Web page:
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The Evolution Of Short Term Lending Under The Trump Administration

The situations seem to have improved now and it is likely that payday loans and short term loans will become less regulated under the President Trump administration. Recently, the house lawmakers have introduced a legislation that will eliminate the CFPB payday loan rule that affect lenders nationwide. They argue that the rule is causing problems for individuals and small businesses to take out the loans that they need. They will be using the Congressional Review Act as a defense to make their appeal.

The Congressional Review Act gives an individual the right to file a class action suit. It gives a limited time of 60 days for the lawmakers to repeal the rule in the Federal Register. The CFPB rule on the payday loan appeared in the Federal Register on the 17th of November. They decided to repeal the rule when more and more people start to criticize about the CFPB bureau. Some consumers fight back arguing that the CFPB has done them good by helping them to get back a total of $12 billions from the banks and other lenders.

The excuse that CFPB gives concerning the payday rule that they imposed is that they want to protect consumers from high interest loans. The payday rule will not come into effect until the middle of 2019. The rule was originally introduced in October by the CFPB when Richard Cordray is the director. Richard Cordray has already resigned in late November this year. The rule limits lenders to issue only 3 successive loans to an individual borrower. It also puts a responsibility on payday lenders to make sure that the borrowers they approve can meet their living expenses after paying the loan.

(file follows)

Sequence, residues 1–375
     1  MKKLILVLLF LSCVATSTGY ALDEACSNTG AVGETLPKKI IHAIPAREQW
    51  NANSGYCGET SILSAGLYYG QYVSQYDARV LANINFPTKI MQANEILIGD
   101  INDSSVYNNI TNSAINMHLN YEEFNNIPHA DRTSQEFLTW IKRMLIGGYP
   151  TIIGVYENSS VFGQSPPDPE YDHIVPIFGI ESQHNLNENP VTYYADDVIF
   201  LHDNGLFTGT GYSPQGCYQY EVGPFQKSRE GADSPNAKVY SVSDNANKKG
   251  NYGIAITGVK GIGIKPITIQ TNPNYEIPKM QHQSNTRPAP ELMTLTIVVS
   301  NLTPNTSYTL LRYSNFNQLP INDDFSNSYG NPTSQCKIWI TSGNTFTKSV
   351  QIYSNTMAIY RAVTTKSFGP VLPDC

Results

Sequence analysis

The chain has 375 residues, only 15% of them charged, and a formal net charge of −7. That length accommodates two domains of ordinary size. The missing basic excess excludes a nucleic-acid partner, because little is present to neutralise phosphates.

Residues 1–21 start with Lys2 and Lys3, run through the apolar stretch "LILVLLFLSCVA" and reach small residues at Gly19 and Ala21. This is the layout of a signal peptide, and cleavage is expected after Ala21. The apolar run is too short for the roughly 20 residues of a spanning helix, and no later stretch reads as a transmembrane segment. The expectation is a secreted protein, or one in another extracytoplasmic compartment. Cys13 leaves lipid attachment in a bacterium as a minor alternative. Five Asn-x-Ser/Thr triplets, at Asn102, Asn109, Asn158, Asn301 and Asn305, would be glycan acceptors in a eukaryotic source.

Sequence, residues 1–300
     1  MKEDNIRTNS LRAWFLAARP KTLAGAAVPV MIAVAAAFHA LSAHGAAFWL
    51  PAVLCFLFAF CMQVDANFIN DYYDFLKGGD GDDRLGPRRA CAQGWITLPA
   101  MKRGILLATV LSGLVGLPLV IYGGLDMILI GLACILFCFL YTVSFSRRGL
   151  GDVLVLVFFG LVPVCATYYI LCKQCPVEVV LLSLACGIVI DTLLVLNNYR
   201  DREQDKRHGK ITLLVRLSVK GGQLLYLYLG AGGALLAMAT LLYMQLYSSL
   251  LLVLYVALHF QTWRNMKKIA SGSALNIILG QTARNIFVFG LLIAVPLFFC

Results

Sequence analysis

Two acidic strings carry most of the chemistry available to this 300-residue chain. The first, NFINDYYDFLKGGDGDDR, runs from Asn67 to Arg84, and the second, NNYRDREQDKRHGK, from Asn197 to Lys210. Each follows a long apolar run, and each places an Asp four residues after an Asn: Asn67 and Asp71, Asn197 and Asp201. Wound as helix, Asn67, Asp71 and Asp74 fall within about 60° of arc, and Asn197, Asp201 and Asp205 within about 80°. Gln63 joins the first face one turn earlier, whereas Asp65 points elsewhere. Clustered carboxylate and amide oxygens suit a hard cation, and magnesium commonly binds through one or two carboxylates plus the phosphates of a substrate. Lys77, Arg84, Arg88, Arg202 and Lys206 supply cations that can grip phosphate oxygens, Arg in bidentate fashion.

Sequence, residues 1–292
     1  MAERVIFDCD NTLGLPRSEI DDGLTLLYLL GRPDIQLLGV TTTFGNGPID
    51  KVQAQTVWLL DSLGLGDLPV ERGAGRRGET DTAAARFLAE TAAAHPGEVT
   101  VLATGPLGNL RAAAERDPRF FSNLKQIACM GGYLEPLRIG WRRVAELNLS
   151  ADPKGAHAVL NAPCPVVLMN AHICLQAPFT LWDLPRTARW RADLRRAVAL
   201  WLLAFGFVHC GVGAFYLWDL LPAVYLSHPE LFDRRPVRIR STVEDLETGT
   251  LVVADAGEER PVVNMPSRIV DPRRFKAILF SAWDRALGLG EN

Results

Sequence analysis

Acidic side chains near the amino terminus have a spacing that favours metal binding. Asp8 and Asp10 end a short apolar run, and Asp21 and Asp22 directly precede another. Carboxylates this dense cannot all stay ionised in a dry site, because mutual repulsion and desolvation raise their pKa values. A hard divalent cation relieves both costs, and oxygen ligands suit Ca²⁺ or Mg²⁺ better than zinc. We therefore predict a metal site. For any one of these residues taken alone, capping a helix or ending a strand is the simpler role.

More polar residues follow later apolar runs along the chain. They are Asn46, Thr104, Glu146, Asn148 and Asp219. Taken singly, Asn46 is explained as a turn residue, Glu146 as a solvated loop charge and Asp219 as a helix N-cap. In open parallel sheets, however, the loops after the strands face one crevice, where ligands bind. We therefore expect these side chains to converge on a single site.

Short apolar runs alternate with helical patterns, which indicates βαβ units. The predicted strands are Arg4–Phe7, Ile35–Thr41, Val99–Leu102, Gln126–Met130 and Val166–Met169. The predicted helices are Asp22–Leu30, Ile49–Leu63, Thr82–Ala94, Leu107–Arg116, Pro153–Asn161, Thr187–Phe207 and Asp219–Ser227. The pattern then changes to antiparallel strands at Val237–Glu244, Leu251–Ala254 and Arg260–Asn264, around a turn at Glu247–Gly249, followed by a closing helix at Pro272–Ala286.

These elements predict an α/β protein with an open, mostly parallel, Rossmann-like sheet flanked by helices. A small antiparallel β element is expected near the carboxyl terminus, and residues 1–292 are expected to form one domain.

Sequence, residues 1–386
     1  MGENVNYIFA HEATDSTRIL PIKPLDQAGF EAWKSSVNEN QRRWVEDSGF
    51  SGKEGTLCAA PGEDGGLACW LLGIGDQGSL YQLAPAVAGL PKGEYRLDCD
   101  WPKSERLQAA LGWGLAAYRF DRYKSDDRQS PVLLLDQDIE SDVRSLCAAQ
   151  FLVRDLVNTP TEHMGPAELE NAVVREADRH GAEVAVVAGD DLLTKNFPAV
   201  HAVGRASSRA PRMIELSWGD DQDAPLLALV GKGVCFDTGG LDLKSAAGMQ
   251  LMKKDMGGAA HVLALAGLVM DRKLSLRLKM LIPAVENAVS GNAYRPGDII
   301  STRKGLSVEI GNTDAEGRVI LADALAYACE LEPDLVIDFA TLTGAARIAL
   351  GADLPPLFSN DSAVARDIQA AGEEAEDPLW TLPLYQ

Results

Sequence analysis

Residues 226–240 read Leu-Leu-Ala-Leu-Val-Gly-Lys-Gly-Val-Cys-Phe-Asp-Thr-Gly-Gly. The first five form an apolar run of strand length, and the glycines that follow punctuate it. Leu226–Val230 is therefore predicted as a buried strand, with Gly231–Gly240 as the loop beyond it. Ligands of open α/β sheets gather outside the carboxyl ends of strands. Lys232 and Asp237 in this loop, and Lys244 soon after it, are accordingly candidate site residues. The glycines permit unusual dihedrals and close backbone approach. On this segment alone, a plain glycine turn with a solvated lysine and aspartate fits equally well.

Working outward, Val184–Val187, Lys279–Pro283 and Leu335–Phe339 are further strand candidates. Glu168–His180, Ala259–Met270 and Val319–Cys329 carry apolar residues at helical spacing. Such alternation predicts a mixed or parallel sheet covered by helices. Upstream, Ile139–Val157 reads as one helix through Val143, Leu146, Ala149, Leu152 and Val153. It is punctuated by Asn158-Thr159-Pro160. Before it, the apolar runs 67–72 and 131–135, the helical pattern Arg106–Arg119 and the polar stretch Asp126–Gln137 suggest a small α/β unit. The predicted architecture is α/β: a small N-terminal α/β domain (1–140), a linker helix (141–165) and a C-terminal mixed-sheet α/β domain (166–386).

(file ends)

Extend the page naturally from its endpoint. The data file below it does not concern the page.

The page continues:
The CFPB argues that these loans have ultra high interest rate which is the main reason why the poor people are repeatedly trapped in the debt cycle. They claim that the payday loan charges an effective interest rate of 300% or more and the loan amount can add up fast if the borrower did not pay back on time.

However, the Republicans fight back by arguing that payday loan actually help many households to meet their budget. They claimed that the fee is less than the penalty fee of a bounce check for a $100 loan. The Republicans stated that no obstacle should be placed that deny the people their rights to take out short term loans to cover their expenses.

The appeal can face problem with the Senate because the arbitration rule needs a 50-50 vote to pass. Mulvaney, who is a critic of the CFPB, said, he couldn’t do much to stop the CFPB payday loan rule as an acting director. But, he believes that the Congressional Review Act has opened up possibilities for repealing the payday loan rule.